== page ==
To one particularly outraged delegate, Matteo explained that the shows were meant to stimulate discussion in the classroom. Ultimately, he said, students should create their own courses, not because they have to, but because they want to.
*    *    *    
     While most delegates have been talking Shakespeare, a small group has come together to read him. The puckishly-named Plebeian Shakespeare Company was founded Sunday night in the delegates' bar, said San Diego State drama student Kathleen Matthews.
    A pick-up group of actors and academics, they came together over ales and the text of Twelfth Night. Monday evening, they moved on to Troilus and Cressida and Thursday afternoon they were emoting from Coriolanus in front of Matteo's videotape camera.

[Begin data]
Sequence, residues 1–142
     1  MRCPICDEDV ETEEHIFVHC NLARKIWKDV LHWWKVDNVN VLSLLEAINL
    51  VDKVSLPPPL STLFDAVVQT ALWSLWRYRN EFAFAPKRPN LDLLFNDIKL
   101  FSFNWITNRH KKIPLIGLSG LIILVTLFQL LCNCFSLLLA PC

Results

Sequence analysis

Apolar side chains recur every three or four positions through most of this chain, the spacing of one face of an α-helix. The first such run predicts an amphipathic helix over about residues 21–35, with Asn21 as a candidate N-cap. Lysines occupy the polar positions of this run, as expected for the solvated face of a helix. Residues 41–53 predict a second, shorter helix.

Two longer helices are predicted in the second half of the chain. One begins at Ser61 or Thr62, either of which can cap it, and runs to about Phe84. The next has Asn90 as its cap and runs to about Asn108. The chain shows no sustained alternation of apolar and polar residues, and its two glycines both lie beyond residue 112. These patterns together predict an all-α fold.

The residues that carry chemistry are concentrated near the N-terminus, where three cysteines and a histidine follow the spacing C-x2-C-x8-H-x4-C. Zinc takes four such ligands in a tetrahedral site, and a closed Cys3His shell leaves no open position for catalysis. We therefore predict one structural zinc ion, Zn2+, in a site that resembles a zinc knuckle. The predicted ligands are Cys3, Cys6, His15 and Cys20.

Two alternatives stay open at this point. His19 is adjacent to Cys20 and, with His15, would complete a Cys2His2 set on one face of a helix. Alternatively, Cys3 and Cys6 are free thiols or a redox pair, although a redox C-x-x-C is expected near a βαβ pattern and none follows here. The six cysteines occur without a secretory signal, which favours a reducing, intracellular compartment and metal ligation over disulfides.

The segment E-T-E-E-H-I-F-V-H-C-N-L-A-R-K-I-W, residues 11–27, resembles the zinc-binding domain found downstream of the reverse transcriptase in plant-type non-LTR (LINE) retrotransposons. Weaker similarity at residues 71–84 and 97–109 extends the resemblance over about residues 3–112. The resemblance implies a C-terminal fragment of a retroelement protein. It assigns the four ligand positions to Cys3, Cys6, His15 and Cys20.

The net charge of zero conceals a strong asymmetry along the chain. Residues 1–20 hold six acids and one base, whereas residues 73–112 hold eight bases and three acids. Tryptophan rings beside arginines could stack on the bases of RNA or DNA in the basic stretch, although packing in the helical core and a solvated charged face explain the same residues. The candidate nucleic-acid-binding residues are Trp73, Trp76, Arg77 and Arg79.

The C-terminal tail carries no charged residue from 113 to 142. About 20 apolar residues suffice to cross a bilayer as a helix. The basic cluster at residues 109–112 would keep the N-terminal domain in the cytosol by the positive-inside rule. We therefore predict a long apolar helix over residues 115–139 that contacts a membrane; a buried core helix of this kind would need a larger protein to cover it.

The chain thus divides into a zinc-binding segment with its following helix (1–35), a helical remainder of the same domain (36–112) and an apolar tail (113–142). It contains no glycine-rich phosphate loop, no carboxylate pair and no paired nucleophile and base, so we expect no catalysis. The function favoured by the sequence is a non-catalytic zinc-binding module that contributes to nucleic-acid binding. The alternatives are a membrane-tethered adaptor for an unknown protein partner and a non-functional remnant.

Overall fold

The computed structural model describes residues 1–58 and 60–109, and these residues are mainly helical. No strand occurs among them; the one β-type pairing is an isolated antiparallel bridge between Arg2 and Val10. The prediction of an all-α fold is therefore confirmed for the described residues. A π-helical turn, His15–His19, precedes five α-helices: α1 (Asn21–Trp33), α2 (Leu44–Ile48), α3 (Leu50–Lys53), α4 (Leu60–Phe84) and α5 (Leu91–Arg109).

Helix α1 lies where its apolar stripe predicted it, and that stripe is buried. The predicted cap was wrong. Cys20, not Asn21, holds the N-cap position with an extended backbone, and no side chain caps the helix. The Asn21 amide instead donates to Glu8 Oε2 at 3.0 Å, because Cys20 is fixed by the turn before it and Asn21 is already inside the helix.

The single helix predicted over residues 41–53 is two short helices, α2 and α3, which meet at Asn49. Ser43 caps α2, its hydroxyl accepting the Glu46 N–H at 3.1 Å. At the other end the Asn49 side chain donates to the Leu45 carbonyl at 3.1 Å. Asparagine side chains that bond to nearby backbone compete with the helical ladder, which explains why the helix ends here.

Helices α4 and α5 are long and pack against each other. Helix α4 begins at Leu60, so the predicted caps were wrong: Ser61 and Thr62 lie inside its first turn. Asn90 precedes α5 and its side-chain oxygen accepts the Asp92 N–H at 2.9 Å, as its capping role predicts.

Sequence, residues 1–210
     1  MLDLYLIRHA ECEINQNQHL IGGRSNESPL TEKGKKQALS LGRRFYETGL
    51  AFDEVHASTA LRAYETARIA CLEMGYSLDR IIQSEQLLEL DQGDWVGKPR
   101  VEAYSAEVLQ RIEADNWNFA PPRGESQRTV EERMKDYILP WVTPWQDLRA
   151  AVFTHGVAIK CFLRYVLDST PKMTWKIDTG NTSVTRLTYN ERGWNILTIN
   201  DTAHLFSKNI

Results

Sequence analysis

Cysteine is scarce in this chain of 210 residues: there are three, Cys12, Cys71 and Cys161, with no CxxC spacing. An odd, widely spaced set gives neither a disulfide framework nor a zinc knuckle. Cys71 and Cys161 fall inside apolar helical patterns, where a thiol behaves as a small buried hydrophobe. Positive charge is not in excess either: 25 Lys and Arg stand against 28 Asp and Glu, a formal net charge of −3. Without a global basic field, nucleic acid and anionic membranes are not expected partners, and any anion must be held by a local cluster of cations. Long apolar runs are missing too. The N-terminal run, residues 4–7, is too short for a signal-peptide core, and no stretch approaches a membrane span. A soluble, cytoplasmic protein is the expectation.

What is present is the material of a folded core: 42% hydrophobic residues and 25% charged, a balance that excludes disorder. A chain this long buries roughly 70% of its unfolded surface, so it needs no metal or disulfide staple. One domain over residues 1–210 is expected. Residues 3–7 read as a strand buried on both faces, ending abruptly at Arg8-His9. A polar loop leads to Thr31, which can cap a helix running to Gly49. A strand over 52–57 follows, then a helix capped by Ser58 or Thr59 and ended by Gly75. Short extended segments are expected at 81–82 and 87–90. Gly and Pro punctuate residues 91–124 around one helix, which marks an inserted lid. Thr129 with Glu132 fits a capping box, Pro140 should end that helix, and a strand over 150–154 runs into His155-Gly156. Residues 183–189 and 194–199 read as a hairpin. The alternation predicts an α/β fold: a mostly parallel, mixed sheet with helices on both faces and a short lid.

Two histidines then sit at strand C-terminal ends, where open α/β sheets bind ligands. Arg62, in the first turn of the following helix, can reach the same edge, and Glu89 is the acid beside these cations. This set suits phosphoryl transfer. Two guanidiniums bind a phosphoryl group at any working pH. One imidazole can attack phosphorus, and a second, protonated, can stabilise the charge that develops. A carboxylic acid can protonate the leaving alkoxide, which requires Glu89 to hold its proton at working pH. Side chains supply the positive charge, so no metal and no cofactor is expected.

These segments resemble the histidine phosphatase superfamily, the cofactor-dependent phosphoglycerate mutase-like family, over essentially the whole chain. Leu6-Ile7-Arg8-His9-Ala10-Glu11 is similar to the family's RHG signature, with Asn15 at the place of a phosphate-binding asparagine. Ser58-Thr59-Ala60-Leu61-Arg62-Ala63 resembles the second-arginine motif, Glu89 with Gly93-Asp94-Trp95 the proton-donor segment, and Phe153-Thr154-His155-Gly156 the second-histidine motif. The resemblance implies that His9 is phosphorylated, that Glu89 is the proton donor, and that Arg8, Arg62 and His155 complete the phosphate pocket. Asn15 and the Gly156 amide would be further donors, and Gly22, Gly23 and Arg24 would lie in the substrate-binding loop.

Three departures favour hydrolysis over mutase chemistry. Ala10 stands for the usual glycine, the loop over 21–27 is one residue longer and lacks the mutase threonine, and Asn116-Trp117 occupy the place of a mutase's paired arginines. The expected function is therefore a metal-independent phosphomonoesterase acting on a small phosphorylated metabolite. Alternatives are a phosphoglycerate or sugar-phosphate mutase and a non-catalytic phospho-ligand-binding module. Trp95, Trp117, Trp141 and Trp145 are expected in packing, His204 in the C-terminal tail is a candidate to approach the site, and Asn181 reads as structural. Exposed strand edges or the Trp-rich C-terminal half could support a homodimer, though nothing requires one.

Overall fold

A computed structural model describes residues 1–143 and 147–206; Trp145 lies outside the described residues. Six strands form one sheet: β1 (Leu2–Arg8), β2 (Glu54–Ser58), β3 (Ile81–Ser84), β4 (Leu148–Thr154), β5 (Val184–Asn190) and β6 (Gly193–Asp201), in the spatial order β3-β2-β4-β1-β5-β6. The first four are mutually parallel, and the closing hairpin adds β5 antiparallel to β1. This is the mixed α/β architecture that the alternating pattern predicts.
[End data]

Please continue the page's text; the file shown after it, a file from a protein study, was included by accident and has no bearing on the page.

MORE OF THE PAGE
When the camera moved out into the sunlight, it found John Juliani's Vancouver-based Savage God company involving delegates in their own brand of democratic theatre. Repeating the idea, if not the exact substance of Tuesday night's show in the Art Gallery, Savage God wrestled imaginatively with the bard on the Totem Park lawn.
    One of the most innovative treatments of Shakespeare, however, may well go unnoticed by the majority of congress delegates. Forbidden Planet, MGM's 1956 science-fiction version of The Tempest, is being shown as the Fraser Theatre's Saturday matinee.
    Yes, said an Odeon Theatres representative, the booking was deliberate. Onward, Shakespeare, to the stars!

    The World Shakespeare Congress is jointly sponsored by Simon Fraser University, the University of British Columbia and the Canada Council. Sessions of the congress are being held on both campuses.